The origin of the Japanese language is still debated; there have always been numerous hypotheses. The old theory of its relationship with a vast Scythian or Turan language group has been abandoned; that of its Polynesian origin and that of its possible relationships with Indonesian Malay, whose phonetics and syllabic structure are similar, is a much disputed theory.
Korea was truly the first foreign country with which Japan had relations, but it cannot be inferred from this that its language originates from this country. Archaic Japanese has been admitted to have been transmitted orally through the bards; the graphic transcription of this recited Japanese was made around the s. VII. It is unknown whether the ancient Japanese had a written language; in 405, the country adopted the Chinese writing system through Korean scholars, despite the great difficulty of adapting the binding language of Japanese to Chinese ideograms.
This general adoption made the autochthonous deeds that might exist before this date completely disappear. Chinese monosyllabic and ideographic writing was used by cultivated people, but pronounced in the Japanese style. The Chinese character chen (man) was read, and still reads, milestone; the structure and vocabulary of the two languages are completely different.
Towards the 9th century, like the ancient Egyptians, they looked for a way to simplify their writing using the Chinese ideograms, which were given a simple phonetic value without any other significance; In this way, the Japanese were able to write the grammatical endings of their language that did not exist in Chinese.
Thus, a 48-character syllabary was created, a phonetic writing system called kana (plagiarized names), for poorly literate people, so that they could write in this way in Japanese, without having to know the multiple and difficult Chinese ideograms. This syllabary is presented under two aspects: a) calligraphic, the katakana (kana, for ‘margin’), and b) cursive, the hiragana (win, that is, kana ‘easy’) more used than the preceding one.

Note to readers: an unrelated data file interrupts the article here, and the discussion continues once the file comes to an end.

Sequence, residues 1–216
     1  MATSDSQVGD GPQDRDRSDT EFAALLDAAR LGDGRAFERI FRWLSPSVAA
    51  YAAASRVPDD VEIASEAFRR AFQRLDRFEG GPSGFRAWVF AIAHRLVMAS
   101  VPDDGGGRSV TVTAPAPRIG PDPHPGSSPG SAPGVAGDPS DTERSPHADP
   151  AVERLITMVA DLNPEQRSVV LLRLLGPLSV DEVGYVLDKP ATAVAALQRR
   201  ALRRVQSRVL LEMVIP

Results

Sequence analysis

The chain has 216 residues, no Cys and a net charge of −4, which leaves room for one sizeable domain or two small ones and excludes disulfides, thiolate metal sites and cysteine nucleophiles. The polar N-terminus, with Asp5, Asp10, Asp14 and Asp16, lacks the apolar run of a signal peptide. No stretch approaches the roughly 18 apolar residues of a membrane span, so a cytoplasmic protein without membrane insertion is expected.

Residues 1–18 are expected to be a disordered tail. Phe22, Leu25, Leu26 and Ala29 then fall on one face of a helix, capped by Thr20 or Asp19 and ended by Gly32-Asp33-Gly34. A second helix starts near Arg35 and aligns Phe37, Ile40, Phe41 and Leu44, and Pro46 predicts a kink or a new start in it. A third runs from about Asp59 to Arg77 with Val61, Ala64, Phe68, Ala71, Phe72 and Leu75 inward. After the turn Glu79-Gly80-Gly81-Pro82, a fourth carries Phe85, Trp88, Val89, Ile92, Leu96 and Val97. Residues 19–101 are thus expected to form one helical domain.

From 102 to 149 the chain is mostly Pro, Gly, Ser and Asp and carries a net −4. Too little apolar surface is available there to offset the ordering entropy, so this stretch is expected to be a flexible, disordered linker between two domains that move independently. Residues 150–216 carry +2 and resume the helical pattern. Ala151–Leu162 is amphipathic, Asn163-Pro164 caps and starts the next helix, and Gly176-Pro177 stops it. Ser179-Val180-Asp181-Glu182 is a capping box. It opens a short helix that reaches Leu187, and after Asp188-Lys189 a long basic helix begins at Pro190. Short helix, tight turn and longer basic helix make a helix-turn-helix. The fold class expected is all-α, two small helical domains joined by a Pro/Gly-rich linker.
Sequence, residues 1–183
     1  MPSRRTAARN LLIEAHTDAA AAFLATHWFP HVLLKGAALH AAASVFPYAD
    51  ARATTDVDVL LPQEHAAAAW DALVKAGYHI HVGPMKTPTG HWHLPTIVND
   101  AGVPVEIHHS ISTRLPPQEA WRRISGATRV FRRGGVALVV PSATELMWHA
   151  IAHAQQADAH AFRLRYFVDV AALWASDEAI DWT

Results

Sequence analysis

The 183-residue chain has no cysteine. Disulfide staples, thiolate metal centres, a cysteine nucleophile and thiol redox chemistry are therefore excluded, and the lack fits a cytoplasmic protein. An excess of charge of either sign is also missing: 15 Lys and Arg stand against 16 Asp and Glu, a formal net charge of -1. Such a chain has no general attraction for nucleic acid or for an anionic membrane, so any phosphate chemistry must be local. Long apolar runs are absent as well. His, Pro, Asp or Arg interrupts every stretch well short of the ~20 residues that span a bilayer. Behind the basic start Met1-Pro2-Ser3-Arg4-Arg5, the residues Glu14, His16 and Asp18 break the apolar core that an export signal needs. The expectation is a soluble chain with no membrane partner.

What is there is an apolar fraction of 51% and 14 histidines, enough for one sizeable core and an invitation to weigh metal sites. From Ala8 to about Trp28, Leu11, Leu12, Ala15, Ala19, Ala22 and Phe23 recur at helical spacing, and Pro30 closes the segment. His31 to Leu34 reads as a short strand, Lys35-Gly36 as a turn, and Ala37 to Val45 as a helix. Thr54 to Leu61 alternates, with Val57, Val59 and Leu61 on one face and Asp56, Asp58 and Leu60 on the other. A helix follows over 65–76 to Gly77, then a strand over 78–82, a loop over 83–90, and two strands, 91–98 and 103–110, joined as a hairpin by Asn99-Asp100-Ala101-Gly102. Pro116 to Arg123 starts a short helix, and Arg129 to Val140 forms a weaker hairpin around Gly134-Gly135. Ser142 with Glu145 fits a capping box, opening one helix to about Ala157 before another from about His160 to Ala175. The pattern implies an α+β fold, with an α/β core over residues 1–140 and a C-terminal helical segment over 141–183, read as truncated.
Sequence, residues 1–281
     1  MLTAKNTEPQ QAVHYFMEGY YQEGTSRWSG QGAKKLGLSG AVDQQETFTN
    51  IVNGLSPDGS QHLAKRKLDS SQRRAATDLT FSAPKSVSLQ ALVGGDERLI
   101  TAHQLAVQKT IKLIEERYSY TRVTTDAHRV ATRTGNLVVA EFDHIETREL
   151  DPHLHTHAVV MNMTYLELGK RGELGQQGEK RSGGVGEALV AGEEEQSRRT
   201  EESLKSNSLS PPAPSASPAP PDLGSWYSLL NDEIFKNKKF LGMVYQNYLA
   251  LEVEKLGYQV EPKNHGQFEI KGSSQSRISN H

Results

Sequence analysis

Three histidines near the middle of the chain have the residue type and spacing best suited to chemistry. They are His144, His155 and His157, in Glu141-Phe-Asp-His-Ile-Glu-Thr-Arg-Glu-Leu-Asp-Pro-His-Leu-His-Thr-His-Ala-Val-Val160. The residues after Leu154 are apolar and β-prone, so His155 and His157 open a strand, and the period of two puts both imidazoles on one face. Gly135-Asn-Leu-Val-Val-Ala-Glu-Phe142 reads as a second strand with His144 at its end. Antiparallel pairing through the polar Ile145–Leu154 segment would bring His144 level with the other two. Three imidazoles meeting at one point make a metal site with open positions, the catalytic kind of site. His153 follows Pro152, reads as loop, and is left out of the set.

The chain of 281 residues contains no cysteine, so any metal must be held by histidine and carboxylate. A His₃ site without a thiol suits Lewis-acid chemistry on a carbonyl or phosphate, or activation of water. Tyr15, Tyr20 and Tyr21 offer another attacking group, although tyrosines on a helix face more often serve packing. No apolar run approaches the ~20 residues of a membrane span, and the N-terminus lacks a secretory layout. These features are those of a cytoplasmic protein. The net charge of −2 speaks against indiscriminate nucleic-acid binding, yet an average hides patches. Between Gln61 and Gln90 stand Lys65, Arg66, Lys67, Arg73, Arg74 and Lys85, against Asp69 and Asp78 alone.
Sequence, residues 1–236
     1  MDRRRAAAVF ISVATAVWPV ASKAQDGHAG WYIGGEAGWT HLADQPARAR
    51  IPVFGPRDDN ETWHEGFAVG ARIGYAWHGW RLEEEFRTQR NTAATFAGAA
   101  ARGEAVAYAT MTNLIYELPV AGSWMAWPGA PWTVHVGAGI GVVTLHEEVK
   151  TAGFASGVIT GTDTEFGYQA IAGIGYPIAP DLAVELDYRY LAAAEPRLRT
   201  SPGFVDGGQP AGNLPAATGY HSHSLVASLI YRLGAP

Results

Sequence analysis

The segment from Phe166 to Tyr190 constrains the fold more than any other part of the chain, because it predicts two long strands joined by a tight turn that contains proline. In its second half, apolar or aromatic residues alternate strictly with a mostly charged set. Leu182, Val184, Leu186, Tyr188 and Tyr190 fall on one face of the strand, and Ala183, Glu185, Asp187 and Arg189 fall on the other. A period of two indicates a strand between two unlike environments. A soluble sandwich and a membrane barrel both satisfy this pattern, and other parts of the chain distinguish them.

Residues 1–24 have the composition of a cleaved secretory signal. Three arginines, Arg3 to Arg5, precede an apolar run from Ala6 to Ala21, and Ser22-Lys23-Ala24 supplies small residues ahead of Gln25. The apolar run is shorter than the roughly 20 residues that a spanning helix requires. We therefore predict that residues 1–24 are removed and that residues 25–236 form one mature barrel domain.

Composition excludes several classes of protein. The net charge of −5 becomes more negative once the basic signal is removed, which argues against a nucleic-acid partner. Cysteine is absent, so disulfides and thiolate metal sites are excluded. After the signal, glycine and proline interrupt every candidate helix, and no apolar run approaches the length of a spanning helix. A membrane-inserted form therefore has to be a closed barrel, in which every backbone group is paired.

Today, katakana is mostly used to write non-Japanese words. However, the Japanese always use Chinese characters next to the kana syllabary; Chinese characters are called kanji and are used to write the invariable part of nouns, adjectives and verbs, and kana signs are added to them to indicate the grammatical inflections, called okurigana.
The Japanese Government promulgated in 1946 a list of 1,850 characters, it was kanji (kanji ‘for practical use’), used in popular press and magazines. Of these, the most common are 881 and are learned during the ten years of primary education. The phonetic transcription of Japanese in Latin characters is called romaji. The Hepburn system is commonly used, named after an American missionary who dedicated his life (1815-1911) to the language and culture of Japan. A Japanese dictionary contains 5,000 to 15,000 characters. An extensive dictionary has recently been published that collects 48,902 kanji.
According to educationvv, Japanese, unlike Chinese, is a polysyllabic language. It still has traces of the use of tones, but not in terms of semantics. It has short and long vowels and double consonants. The word has no main accent, except on long vowels. It also has no grammatical gender and uses prefixes and suffixes for many grammatical functions. The notion of grammatical number and person is very vague and there is a curious indifference of the language towards the verbal gender.
The verb occupies a particular position; It is always placed at the end of the sentence; there is no special form for the passive voice, which is rarely used. The potential and passive forms are made by adding a suffix to the verbal stem, and the cases are indicated by means of propositions. There are familiar and courteous forms, as well as a multiplicity of modes and times. There are two forms of numerals, one pure Japanese and one derived from Chinese.